This first secret might be a little disappointing. Ninjas really aren’t fighters. We’re lovers. We love life, our families, our friends, our homes, and our communities. We want nothing more (and nothing less), than to simply live our lives in peace and harmony. Ninjas aren’t about war, or warfare. However, we are warriors. Wait a minute….doesn’t that sound contradictory?

It’s not. Because a true warrior has a heart of compassion. For life, for nature, and even for their enemies or those who wish to cause them harm. A warrior also has a playful spirit, and doesn’t take themselves too seriously, even when they are under attack, so to speak.

Patience is a virtue. Everyone knows that, and everybody gives it lip service, but a true warrior really embodies it, and incorporates it into their daily life. Considering our fast-paced modern world, as well as the “got to have it now” attitude, patience truly is a virtue as rare as hen’s teeth.

Above all, a warrior is honest. At least, they’re supposed to be. I have met a few who proclaim honesty and demand it of others, but not of themselves. Hmm, that hardly seems fair. But, that’s when you know they are not true warriors. And those who are just smile, and walk away. No sense in engaging in a confrontation over such a silly thing. A warrior knows how to avoid confrontation at all costs.

I have a lot more secrets up my sleeve. But, I think I’ll make like a ninja and disappear for now instead. I can always share them another time.

Evade, Deflect, and Redirect: Wisdom From a Warrior Queen

Evade, deflect, and re-direct. I hear those words in my head almost every day, especially if I’m faced with a conflict. In my fourteen years of martial arts training, these words were repeatedly reinforced. You might even say they were beaten into me, so to speak.

The first thing you learn as a new student is how to evade an attack. Just get out of the way. After all, you can’t get hit and you can’t get hurt if you’re not there. It sounds simple enough, but it really isn’t. Because there are several ways you can respond to an attack.

1). You can freeze like a deer in the headlights. This is a typical response, and the outcome is never good.

2). You can fight back, which is a good strategy if you have absolutely no other choice. However, the chances of you being the victor is about fifty-fifty. It’s actually even less than that because the attacker has the element of surprise to his advantage.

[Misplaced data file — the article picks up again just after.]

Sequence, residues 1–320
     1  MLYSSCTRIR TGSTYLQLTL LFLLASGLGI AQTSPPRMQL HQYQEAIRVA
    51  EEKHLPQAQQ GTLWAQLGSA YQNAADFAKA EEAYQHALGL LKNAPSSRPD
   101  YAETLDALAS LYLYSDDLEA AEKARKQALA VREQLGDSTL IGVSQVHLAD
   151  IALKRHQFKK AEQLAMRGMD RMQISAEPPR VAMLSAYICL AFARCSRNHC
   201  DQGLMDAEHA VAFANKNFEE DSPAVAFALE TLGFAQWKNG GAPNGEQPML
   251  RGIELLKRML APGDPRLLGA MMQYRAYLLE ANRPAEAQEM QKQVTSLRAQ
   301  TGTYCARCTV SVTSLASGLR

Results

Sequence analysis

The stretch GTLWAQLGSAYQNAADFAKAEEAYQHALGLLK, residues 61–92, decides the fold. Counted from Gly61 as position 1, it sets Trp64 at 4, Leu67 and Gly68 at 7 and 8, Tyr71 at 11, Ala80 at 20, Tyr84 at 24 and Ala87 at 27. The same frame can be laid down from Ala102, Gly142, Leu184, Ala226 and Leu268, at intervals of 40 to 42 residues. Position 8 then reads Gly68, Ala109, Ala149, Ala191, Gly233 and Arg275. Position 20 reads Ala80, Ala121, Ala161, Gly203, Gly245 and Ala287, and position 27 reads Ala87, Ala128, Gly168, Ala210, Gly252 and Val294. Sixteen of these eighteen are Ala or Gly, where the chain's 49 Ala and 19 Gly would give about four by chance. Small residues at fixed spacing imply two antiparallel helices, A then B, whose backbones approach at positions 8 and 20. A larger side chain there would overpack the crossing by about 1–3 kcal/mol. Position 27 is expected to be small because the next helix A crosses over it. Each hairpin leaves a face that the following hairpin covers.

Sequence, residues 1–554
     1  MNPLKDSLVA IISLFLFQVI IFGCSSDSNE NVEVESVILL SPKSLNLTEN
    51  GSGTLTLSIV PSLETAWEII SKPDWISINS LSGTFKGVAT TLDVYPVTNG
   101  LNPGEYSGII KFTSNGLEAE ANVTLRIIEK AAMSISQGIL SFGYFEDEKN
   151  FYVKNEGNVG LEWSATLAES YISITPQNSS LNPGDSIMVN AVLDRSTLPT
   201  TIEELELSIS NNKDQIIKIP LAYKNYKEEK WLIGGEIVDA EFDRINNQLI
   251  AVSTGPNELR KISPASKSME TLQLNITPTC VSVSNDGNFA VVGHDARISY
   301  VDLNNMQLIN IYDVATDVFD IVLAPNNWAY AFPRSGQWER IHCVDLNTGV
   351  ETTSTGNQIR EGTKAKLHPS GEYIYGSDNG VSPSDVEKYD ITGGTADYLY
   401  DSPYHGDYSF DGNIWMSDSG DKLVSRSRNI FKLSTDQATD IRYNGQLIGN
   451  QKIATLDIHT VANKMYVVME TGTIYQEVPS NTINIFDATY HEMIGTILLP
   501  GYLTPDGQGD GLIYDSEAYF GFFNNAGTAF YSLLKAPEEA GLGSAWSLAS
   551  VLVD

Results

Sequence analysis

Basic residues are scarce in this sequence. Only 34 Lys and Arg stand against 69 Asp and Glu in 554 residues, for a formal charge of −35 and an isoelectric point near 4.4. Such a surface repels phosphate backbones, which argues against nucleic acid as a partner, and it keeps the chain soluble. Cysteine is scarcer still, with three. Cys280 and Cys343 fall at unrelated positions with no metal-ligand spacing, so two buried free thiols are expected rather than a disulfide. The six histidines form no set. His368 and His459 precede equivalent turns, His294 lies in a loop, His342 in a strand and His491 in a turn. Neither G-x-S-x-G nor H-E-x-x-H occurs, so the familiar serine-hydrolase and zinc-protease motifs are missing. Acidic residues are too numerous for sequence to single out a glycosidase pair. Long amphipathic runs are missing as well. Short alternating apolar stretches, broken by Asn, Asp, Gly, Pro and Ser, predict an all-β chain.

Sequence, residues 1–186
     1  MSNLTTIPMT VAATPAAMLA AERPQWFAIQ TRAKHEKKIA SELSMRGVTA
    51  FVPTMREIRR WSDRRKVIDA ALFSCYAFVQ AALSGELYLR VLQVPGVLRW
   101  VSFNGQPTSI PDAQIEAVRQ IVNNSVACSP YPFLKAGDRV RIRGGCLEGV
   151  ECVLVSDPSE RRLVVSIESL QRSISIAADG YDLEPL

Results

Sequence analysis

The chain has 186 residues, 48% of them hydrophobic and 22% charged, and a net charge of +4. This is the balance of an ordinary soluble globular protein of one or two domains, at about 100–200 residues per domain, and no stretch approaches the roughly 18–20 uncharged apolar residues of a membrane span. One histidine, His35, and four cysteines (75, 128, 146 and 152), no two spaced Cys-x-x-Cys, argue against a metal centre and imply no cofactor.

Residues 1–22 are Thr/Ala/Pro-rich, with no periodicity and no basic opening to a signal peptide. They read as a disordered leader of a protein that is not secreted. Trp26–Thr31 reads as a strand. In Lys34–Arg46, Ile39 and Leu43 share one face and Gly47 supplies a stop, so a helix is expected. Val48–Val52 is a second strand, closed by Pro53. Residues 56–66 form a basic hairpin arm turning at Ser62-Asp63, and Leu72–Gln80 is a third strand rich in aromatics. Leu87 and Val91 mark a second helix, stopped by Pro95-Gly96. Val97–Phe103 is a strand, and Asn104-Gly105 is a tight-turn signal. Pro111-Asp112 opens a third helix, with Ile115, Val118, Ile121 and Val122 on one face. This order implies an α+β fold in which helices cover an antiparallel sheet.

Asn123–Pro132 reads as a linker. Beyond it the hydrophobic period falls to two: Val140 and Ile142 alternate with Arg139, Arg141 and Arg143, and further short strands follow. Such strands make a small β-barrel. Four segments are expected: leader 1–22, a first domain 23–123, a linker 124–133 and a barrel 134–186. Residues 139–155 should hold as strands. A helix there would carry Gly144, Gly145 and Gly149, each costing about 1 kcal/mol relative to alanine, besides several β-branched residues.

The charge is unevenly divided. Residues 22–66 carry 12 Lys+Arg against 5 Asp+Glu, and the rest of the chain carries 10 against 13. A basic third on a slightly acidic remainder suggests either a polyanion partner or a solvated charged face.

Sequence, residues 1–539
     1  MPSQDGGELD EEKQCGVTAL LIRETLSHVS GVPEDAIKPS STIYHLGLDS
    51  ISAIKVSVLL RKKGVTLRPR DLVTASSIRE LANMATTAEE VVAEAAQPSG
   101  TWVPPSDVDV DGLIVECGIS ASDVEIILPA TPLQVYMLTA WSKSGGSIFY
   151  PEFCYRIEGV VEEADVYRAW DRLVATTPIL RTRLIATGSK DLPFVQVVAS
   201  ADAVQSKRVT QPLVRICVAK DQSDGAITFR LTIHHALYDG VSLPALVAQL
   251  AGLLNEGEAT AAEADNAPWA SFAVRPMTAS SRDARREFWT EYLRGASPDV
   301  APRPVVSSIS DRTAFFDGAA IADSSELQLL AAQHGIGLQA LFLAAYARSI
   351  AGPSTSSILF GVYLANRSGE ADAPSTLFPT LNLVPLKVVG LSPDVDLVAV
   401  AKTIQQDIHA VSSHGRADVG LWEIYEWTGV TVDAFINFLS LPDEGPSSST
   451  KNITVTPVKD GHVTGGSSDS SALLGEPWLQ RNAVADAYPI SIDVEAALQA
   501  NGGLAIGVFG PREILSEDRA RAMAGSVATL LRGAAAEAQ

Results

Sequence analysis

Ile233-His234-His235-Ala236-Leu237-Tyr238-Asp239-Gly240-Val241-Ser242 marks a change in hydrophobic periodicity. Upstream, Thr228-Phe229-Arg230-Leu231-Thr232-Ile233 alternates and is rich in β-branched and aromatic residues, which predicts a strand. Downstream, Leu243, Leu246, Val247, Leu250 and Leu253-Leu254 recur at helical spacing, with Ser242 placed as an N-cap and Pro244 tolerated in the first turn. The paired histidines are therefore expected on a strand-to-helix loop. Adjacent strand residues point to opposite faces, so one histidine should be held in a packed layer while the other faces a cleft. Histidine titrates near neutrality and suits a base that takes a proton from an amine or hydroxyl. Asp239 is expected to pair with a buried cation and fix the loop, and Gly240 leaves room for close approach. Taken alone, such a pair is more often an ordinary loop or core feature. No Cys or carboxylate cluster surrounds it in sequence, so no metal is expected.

3). You can get out of the way. This is a handy-dandy little trick affectionately referred to as a ninja disappearing act.

I was pretty good at evading an attack when I was a white belt. Unfortunately, my strategy was to run screaming off of the mat with my gi over my head. Not exactly the nimble reaction of an accomplished martial artist. But what can I say? I was terrified.

Eventually I overcame my terror when I saw a fist coming at my face, or a kick heading toward my solar plexus. And I learned how to move out of the way and evade an attack. And I made a fascinating discovery.

This nifty little technique can be implemented anytime you are under pressure or in the line of any attack, real or perceived. Attacks and confrontations come in a variety of different ways. They are not just physical. They can be mental, emotional, psychological, verbal, etc.

Once you learn how to use this ninja secret, you won’t get hit, and you can’t get hurt. Even better, once you step out of the way, the attacker will beat himself (or herself) up with their own negative energy. How cool is that?

Think about that the next time something is coming at you. After all, life is full of hits, both literally and figuratively. Learn to get out of the way and you’ll save yourself a world of hurt. But what if you can’t get out of the way, or what do you do once you do avoid an attack? I think I’ll save those pearls of wisdom for another day.

 

 

Sticks and Stones, and Broken Bos

Sticks and stones may break your bones. As a martial artist, I know this to be true, because I personally experienced it first hand. I once broke a bone in martial arts, but it wasn’t my own. It belonged to my partner. It’s a long story, and perhaps I’ll share it someday.

Although I love martial arts, I haven’t been training at all over the past twelve months. At least not in the traditional way, at the dojo and with partners. Between running a business, publishing a book, and keeping up with life, I’ve been pretty busy these days.

However, I have been able to keep up with my ballet training. I am fortunate to study ballet with a remarkable woman who has a strong Tai Chi background, as well as many other incredible accomplishments. The woman is amazing!

Jayne doesn’t teach a traditional ballet class. Instead, she brings everything she has to offer to her dancers, including Tai Chi. I don’t want to give away all of her secrets (or mine), but over the past two years of working with her, I could feel myself getting stronger, and more powerful. Not only in a dance-related way, but in a martial arts way as well.

I asked Jayne if that could even be possible. Her answer was “Of course it is!” She also advised me to be careful when or if I ever returned to the dojo, because I might surprise myself. I decided to put my theory to the test. The dojo was hosting a seminar based on the art of the Rokshoku Bo, which is a 6 foot long staff. In other words, it’s a great big stick. And it can be pretty scary, especially when someone swings it at your head.

However, I like playing with sticks, so I took my Rokshoku Bo and went to the dojo for the seminar. It was awesome twirling my stick and doing imaginary strikes, and it felt great to be on the mat again. We partnered up with other students to practice our strikes, which can be a bit formidable, as you can imagine. After all, one bad move could end up with a trip to the Emergency Room. That would ruin everyone’s day.